Sunday, April 7, 2013

Low-Income Parents' Beliefs about Their Role in Children's Academic Learning


APA:
Drummond, K. V., & Stipek, D. (2004). Low-Income Parents' Beliefs about Their Role in Children's Academic Learning. Elementary School Journal, 104(3), 197-213.

Quotes:
“Snow, Barnes, Chandler, Goodman, and Hemphill (1991) found that teacher-initiated contact with parents was associated with more parent-initiated communication with school, as well as with improved student schoolwork and gains on reading achievement tests.”

“Six of the 11 parents who claimed that they should not help their child in math said they feel restricted by their own inadequate knowledge; no parent said this about reading could also be that these parents have difficulty turning their beliefs into specific behaviors; in response to the questions about what they should be doing, many parents' responses were vague despite interviewers' probes.”

Comments:
The findings from this research piece seem valid. The testing group was relatively large with a span of many schools and three different areas, I wonder if there was too much disparity and if the research would have been more beneficial if it looked more closely at one school so that there would be fewer variables in the results. The goal of the research was to learn about parents’ beliefs, not so much about the effectiveness of what they did or did not do to support their children's learning.

The main idea that I got from this was that parents do want to help their children with schoolwork. Sometimes there are barriers to doing that though, whether its a lack of time or knowledge, or feeling like they are helping their children gain independence and responsibility by not being overly involved, or that parents simply don't know how to help their children with schoolwork. The piece I found most interesting was the discourse on how teacher communication can change parent involvement. It prompted several ideas for actions I might take in my research. The one that I am most excited to look into and do is to provide parents with opportunities to learn how to effectively help their children. Also, to build suggestions into class newsletters, conferences, back to school night, etc.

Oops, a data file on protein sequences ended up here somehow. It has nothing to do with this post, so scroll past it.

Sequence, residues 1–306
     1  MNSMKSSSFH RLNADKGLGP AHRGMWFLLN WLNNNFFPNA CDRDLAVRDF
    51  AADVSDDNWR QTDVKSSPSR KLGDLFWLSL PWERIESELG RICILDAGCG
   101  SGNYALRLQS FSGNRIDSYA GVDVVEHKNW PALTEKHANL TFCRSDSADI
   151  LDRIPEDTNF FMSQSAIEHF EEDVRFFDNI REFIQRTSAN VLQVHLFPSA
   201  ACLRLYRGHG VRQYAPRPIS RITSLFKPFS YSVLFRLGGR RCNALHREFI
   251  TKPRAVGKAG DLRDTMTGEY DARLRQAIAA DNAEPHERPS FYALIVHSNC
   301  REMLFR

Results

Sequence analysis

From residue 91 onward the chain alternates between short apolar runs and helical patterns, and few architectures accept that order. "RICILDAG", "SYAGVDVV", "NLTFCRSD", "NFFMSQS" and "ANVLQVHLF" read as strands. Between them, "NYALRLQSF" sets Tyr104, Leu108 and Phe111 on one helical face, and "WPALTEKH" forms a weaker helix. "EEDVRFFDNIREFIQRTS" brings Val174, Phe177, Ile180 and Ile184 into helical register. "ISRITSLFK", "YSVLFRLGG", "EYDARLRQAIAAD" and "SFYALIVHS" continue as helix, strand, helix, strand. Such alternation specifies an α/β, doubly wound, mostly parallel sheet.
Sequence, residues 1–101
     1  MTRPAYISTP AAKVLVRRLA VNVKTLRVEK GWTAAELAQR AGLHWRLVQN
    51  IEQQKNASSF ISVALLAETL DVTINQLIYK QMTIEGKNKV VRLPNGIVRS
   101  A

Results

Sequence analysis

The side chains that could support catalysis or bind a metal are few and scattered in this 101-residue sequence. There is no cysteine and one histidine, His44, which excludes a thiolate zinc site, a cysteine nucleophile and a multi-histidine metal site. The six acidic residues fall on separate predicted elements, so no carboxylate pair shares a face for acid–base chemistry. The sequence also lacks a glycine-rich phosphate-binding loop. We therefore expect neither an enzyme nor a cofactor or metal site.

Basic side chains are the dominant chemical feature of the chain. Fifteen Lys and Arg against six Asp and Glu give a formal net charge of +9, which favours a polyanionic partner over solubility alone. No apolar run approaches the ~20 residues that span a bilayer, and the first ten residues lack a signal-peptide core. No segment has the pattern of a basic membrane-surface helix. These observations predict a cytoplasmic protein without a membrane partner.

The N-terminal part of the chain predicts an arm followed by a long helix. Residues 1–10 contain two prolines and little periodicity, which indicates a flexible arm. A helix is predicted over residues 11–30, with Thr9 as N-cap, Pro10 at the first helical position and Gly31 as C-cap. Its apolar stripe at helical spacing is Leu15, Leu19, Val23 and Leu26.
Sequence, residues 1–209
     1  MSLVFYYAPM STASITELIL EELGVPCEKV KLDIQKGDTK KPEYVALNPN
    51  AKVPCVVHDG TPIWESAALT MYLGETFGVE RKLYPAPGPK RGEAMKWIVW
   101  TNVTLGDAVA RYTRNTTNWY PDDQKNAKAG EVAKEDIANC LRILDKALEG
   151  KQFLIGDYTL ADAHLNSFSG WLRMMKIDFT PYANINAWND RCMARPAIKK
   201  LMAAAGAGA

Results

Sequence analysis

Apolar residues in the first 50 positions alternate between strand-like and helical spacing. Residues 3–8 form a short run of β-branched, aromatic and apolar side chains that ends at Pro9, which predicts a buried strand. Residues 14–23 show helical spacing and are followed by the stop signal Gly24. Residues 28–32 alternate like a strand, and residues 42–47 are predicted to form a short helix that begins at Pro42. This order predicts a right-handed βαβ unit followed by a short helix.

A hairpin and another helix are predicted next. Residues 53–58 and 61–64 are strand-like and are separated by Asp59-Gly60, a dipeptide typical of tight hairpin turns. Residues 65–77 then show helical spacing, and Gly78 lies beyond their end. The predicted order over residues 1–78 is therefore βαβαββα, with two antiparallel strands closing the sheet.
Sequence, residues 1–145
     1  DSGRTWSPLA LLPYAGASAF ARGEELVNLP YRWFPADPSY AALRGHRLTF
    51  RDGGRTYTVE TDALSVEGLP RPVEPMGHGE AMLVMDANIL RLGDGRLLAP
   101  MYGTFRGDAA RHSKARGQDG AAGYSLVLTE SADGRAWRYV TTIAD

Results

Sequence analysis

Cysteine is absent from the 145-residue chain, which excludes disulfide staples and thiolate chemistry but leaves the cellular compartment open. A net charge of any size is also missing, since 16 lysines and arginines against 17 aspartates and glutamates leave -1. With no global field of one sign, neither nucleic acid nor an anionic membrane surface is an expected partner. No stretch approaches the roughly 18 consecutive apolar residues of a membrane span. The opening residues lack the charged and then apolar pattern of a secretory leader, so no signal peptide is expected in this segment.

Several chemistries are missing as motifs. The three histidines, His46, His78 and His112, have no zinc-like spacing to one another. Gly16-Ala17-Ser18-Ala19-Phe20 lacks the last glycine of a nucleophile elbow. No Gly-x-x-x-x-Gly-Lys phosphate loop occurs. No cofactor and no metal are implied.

My struggle with this article was that it was definitely written for people familiar with reading research, which I am not – yet. There was a lot about the process of collecting the information, less about the results. The results had a lot of numbers associated with them, that I didn’t fully understand either (standard deviations, variables, etc.). While I found some information informative, I doubt that very much of it will go into my action research.

Further Reading:
Ames, C. (1993). How school-to-home communications influence parent beliefs and perceptions. Equityand Choice, 9, 44-49.
Grolnick, W., Ryan, R., & Deci, E. (1991). Inner resources for school achievement: Motivational mediators of children's perceptions of their parents. Journal of Educational Psychology, 83, 508-517.
Epstein, J. (1986). Parents' reactions to teacher practices of parent involvement. Elementary SchoolJournal,86, 277-294.
Helfand, D. (2000, May 28). Parent teachers. Los Angeles Times,pp. B1, B5.

1 comment:

Stacey said...

Laura~
I love this:
"The piece I found most interesting was the discourse on how teacher communication can change parent involvement. It prompted several ideas for actions I might take in my research. The one that I am most excited to look into and do is to provide parents with opportunities to learn how to effectively help their children. Also, to build suggestions into class newsletters, conferences, back to school night, etc."

If you are interested in parent-school connections, and especially how they are influenced by race and class, I highly recommend Annette Lareau's book Unequal Childhoods. It's fantastic, and easy to read since it is written as a series of case studies (it's also a great model for how to write cases, which many people do for their thesis).

I'm curious, since the article talked so much about the process of collecting/analyzing data (and perhaps not as much as you would like about what they actually found), was there anything they did that you could see yourself doing in your own data collection? Any ideas for your own methods, or how you might want to approach your research?

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